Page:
Opinion: Mother's Day is not so rosy in Africa

Our organization measures success by the actions taken to reduce maternal mortality and improve maternal health. The goal is 5 million actions by 2015 -- perhaps signing a pledge, running a 5K or even a marathon or donating an old cell phone so it can be used to facilitate communication and medical care in rural areas. Our website, everymothercounts.org, suggests specific actions to take, many of them straightforward steps that help spread the word or raise resources for simple solutions. Individually they may seem small but together, they can save lives.

With that said, here is what we propose for Mother's Day: a "No Mothers Day." Our "proclamation" encourages mothers to join in solidarity to "disappear" for the day, out of solidarity with those who needlessly die in pregnancy and childbirth. We believe that in acting together, we can show just how much a mother is missed when she is gone

We're spreading the word with a film to get families across the country talking about this issue, so that next year, there will be more mothers and families who can celebrate Mother's Day together.

Please join me at http://www.facebook.com/everymothercounts, for No Mothers Day. Because together, our silence will speak the loudest for all mothers.

The opinions expressed in this commentary are solely those of Christy Turlington Burns.

ADVERTISEMENT
Part of complete coverage on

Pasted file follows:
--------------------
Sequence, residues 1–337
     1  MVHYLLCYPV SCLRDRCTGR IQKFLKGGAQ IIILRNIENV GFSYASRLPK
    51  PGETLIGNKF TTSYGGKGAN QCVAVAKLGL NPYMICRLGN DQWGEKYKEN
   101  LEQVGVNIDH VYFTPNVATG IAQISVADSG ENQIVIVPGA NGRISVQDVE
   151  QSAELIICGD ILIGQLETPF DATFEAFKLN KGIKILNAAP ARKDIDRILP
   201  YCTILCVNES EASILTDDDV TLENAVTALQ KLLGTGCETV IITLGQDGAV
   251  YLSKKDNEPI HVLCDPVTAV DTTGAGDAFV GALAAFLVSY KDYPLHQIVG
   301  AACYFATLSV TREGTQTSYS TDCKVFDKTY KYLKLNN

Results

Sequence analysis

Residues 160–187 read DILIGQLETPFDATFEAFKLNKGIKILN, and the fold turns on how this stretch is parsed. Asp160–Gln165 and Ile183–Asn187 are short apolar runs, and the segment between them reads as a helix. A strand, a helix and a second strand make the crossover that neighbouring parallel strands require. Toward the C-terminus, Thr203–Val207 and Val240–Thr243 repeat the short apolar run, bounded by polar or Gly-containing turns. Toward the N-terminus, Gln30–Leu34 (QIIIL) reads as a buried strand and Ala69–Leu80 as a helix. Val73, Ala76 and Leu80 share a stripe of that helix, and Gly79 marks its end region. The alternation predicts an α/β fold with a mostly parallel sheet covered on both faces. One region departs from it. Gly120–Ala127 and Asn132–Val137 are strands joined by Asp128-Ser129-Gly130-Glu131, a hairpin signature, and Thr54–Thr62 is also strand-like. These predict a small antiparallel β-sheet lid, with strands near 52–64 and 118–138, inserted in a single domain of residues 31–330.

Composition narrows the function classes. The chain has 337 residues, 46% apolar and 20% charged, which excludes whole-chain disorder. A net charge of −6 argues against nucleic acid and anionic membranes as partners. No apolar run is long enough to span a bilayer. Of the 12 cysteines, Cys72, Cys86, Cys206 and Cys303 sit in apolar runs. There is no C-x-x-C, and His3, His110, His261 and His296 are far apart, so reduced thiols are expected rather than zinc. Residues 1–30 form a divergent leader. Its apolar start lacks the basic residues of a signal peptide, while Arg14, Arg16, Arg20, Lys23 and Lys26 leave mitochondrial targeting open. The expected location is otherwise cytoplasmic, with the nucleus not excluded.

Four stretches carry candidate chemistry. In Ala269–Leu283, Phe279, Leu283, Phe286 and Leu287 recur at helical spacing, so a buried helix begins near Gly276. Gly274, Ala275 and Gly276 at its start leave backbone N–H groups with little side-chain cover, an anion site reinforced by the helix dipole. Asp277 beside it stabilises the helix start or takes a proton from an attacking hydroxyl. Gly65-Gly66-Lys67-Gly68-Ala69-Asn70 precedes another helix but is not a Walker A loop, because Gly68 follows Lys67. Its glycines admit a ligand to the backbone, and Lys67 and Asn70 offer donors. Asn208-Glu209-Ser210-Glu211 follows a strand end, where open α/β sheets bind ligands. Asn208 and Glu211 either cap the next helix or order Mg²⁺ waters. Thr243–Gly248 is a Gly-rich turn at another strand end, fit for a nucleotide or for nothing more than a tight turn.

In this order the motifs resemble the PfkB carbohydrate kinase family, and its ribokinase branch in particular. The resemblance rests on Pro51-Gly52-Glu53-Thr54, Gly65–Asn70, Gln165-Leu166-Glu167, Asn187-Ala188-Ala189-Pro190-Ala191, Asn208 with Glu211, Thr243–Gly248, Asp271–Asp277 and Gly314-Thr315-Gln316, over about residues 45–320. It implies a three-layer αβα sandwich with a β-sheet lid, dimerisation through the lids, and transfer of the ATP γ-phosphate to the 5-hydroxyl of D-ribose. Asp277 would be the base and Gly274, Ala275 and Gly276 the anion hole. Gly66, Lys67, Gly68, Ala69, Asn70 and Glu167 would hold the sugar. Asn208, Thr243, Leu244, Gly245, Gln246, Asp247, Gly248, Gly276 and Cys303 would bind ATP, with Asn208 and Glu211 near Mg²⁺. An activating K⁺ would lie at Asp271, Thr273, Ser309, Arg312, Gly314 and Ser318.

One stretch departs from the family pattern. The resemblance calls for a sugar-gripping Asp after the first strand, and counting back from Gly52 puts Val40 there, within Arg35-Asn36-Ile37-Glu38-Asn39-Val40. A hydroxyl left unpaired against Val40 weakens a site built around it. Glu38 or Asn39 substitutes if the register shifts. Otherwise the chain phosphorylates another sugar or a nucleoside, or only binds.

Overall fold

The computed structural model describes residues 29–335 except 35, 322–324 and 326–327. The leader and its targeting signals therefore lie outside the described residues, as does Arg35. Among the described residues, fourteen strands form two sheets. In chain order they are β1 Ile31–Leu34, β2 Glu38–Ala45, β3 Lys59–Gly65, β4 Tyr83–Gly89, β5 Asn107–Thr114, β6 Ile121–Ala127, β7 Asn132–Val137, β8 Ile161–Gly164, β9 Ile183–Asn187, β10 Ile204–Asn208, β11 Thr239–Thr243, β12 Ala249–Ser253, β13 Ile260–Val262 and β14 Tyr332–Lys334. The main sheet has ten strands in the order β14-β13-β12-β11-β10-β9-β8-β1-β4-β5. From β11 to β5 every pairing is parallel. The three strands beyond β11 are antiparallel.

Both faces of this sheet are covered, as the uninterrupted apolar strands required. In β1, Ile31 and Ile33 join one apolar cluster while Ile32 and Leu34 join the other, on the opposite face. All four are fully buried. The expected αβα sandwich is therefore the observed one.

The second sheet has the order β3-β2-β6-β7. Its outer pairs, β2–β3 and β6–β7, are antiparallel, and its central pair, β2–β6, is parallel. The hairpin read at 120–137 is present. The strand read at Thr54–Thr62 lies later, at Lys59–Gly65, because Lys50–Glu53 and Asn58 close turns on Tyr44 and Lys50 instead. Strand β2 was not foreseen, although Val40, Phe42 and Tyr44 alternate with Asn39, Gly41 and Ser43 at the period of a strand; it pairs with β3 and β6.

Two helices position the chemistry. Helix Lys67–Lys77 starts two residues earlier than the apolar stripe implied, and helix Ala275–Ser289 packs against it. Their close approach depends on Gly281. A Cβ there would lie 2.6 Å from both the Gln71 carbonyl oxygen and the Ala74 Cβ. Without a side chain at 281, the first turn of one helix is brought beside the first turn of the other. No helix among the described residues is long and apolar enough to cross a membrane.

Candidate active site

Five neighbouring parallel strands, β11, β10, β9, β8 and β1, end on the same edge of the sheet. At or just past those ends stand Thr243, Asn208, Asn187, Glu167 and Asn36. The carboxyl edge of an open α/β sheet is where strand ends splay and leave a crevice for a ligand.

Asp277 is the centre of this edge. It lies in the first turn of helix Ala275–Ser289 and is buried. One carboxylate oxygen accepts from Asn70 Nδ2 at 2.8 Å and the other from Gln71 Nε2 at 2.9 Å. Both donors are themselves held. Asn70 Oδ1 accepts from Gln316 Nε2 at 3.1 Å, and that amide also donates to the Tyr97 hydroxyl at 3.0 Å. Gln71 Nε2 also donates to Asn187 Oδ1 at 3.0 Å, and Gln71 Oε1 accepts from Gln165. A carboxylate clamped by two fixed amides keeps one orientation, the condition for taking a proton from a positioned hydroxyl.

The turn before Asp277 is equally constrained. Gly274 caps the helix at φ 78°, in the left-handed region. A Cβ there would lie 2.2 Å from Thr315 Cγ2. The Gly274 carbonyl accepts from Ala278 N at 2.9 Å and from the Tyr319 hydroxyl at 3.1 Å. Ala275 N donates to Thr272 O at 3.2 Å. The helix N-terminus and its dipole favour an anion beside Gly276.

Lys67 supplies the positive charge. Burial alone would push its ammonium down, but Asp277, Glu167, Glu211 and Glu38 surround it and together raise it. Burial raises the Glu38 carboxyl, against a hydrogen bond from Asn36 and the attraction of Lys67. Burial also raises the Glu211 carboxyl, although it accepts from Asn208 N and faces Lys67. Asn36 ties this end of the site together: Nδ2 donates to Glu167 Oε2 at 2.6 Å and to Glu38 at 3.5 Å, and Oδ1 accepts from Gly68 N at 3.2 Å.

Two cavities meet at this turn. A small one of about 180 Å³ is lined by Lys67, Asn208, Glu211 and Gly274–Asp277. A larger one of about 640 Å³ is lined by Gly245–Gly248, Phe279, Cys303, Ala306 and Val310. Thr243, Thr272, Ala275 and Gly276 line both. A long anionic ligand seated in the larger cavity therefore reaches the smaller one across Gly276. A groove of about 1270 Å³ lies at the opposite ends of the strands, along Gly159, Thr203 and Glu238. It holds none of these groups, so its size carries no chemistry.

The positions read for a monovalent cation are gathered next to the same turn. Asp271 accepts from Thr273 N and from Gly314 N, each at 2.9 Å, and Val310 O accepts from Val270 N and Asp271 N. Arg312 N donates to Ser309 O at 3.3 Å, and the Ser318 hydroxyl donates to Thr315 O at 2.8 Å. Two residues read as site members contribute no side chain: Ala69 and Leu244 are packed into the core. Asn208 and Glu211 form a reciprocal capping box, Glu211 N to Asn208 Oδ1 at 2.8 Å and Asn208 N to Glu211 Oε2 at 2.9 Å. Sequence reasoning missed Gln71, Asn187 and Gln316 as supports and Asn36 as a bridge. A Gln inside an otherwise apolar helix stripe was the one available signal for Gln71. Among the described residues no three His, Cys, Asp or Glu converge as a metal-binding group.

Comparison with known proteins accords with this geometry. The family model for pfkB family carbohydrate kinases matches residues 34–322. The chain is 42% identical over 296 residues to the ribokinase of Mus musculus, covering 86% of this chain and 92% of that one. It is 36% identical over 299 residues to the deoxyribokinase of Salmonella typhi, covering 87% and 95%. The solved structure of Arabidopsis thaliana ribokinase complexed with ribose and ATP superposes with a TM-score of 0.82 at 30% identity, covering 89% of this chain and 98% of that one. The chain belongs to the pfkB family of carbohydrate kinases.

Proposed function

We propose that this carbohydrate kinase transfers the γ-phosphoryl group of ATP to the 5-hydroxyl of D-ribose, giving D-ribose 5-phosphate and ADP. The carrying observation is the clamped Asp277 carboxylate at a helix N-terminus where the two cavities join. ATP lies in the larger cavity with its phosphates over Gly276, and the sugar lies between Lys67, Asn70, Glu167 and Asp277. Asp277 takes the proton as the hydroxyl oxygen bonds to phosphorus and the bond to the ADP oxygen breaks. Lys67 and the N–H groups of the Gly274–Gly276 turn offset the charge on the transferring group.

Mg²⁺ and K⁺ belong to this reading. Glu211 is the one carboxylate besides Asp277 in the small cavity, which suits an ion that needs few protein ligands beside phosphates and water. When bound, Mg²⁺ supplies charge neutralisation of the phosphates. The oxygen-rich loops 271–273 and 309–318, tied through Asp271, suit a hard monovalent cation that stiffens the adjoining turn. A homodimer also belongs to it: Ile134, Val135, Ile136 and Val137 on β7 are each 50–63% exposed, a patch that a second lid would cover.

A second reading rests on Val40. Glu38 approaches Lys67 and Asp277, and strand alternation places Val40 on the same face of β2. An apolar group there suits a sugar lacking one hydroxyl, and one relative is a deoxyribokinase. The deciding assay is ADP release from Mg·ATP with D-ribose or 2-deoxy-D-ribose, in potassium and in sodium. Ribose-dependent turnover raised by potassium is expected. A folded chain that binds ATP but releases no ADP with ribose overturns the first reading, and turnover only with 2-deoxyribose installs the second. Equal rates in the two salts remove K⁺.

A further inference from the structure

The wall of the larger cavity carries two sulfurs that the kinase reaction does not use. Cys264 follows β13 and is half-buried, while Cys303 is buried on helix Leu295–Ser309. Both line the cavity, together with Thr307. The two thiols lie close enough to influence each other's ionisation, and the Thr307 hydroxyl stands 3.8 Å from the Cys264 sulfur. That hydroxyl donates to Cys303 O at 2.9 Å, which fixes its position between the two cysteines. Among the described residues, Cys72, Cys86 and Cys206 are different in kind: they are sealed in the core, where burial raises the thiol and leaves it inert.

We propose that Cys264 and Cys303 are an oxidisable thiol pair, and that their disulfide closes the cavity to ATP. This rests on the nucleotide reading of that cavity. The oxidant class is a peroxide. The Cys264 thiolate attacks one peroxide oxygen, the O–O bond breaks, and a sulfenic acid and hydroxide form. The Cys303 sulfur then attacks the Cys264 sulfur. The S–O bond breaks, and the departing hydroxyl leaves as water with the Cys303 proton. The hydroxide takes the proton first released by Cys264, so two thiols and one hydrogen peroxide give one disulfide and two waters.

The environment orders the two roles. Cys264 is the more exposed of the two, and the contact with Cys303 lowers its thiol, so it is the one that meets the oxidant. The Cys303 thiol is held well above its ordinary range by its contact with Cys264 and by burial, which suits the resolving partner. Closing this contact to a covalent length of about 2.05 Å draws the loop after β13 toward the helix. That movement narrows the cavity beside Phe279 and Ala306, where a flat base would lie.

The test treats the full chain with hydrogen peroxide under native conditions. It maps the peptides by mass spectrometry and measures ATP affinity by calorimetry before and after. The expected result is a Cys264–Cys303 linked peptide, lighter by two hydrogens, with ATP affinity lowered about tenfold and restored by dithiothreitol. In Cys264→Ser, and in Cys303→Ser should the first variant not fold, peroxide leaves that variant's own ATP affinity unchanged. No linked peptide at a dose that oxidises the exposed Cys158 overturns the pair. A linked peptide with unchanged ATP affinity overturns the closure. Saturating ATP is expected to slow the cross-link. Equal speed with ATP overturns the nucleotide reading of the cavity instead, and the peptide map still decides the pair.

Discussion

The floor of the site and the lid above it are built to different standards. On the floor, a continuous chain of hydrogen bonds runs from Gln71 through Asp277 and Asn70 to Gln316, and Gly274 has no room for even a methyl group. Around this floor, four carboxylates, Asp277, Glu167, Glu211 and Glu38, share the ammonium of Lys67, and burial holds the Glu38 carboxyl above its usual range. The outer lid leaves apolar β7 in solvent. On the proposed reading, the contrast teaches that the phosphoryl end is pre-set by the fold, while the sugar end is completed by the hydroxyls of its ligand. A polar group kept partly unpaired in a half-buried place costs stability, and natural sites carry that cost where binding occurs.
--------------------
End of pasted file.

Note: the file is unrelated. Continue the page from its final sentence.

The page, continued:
updated 4:47 PM EDT, Fri April 18, 2014
Jim Bell says NASA's latest discovery support the notion that habitable worlds are probably common in the galaxy.
updated 2:17 PM EDT, Fri April 18, 2014
Jay Parini says even the Gospels skip the actual Resurrection and are sketchy on the appearances that followed.
updated 1:52 PM EDT, Fri April 18, 2014
Graham Allison says if an unchecked and emboldened Russia foments conflict in a nation like Latvia, a NATO member, the West would have to defend it.
updated 9:11 AM EDT, Fri April 18, 2014
John Sutter: Bad news, guys -- the pangolin we adopted is missing.
updated 8:52 AM EDT, Fri April 18, 2014
Ben Wildavsky says we need a better way to determine whether colleges are turning out graduates with superior education and abilities.
updated 6:26 AM EDT, Fri April 18, 2014
Charles Maclin, program manager working on the search and recovery of Malaysia Flight 370, explains how it works.
updated 8:50 AM EDT, Fri April 18, 2014
Jill Koyama says Michael Bloomberg is right to tackle gun violence, but we need to go beyond piecemeal state legislation.
updated 2:45 PM EDT, Thu April 17, 2014
Michael Bloomberg and Shannon Watts say Americans are ready for sensible gun laws, but politicians are cowed by the NRA. Everytown for Gun Safety will prove the NRA is not that powerful.
updated 9:28 AM EDT, Thu April 17, 2014
Ruben Navarrette says Steve Israel is right: Some Republicans encourage anti-Latino prejudice. But that kind of bias is not limited to the GOP.
updated 7:23 PM EDT, Wed April 16, 2014
Peggy Drexler counts the ways Phyllis Schlafly's argument that lower pay for women helps them nab a husband is ridiculous.
updated 12:42 PM EDT, Wed April 16, 2014
Rick McGahey says Rep. Paul Ryan is signaling his presidential ambitions by appealing to hard core Republican values
updated 11:39 AM EDT, Wed April 16, 2014
Paul Saffo says current Google Glasses are doomed to become eBay collectibles, but they are only the leading edge of a surge in wearable tech that will change our lives
updated 2:49 PM EDT, Tue April 15, 2014
Kathleen Blee says the KKK and white power or neo-Nazi groups give haters the purpose and urgency to use violence.
updated 7:56 AM EDT, Wed April 16, 2014
Sen. Sheldon Whitehouse and Rep. Henry Waxman say read deep, and you'll see the federal Keystone pipeline report spells out the pipeline is bad news
updated 7:53 AM EDT, Wed April 16, 2014
Frida Ghitis says President Obama needs to stop making empty threats against Russia and consider other options
ADVERTISEMENT
ADVERTISEMENT
ADVERTISEMENT
ADVERTISEMENT